by Pat Loeb
PHILADELPHIA (CBS) — Philadelphia’s Department of Human Services faces a crucial test on Monday in its effort to get its full state license restored.
It must hand in a revised plan of correction to address some 70 violations cited when the state downgraded its license last month to provisional status.
At a hearing before city council last week, Acting Commissioner Jessica Shapiro said the department has already made progress since the downgrade, but acknowledged that problems remain.
Shapiro said the Department has addressed two of the most serious violations: missed home visits covered up with fraudulent paperwork, and using a room in the DHS office for overnight visits.
She said seven employees of Community Umbrella Agencies (CUAs), that have taken over child welfare cases for the city, have been fired after investigations showed they had filed false home visit reports, and that new procedures have been put in place to prevent a recurrence.
She also reported that no children have stayed overnight at DHS since May 26th.
“We have been working very hard to build resources, make changes in procedures, expanding our emergency foster care rate, so I am hoping we have turned the tide. I don’t want to just celebrate on two-and-a-half weeks, but it is great progress,” she said.
The committee chair, councilwoman Cindy Bass, appeared skeptical, saying she found it “unbelievable” that DHS used the room for 120 children between January 4th and May 26th but was able to stop using it altogether after being cited by the state.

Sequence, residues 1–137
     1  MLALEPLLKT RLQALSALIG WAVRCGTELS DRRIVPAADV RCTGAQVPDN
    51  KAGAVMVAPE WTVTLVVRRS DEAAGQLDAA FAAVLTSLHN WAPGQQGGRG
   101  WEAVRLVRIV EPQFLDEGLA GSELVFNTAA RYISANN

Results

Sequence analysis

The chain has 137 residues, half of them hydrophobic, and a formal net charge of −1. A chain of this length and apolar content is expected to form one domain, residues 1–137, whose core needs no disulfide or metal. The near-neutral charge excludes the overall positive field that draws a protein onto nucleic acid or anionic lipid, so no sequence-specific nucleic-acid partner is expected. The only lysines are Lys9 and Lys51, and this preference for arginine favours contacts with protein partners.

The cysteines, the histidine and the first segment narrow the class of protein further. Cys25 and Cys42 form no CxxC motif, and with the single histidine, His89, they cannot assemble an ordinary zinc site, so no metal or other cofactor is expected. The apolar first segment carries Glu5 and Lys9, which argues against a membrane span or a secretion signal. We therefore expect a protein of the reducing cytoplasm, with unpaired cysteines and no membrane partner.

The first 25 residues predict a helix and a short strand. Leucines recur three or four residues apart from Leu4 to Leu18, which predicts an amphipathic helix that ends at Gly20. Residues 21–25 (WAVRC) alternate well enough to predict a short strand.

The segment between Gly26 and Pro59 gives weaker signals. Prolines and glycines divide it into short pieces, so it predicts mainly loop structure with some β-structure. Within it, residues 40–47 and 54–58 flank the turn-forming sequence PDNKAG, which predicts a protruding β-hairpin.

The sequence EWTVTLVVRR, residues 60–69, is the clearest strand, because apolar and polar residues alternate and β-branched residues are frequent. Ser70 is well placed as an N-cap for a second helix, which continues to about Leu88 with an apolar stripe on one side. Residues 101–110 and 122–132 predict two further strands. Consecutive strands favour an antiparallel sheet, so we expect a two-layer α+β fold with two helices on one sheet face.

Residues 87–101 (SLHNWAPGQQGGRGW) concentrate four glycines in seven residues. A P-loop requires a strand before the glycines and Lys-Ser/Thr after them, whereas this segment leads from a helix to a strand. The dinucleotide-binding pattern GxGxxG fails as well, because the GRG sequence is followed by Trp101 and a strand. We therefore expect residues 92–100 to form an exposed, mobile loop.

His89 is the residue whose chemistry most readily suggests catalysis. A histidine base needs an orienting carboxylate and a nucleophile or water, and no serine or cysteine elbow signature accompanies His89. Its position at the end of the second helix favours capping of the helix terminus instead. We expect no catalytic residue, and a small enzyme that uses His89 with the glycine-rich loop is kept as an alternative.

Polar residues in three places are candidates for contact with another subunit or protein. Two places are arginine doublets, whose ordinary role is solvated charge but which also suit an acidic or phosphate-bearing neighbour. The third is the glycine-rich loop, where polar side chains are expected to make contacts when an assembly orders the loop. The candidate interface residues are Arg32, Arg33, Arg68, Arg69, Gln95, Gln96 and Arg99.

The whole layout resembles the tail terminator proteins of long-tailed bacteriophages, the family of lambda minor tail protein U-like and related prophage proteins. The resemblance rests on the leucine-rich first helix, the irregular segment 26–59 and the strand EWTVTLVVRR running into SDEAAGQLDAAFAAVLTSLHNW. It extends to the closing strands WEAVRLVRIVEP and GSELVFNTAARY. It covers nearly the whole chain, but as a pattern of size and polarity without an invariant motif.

She asked why new procedures weren’t instituted sooner. Shapiro said it’s been a process and the hearing made clear it’s far from over.
Shapiro acknowledged case workers at the CUA’s remain overloaded, responsible for 13 or 14 cases, though the original outsourcing plan called for no more than 10 cases per worker, a load that better insures child safety.
She said she’s working with the state to find money so the CUA’s can hire more case workers. But the president of District Council 47 blamed the problems on the outsourcing itself.
DC 47 represents the case workers who remain on the department payroll despite the CUA’s assuming case management.
No state officials attended the hearing.
A spokeswoman for the Pennsylvania DHS says the city submitted an earlier plan of correction, on which the state commented and asked for the revisions which are due Monday.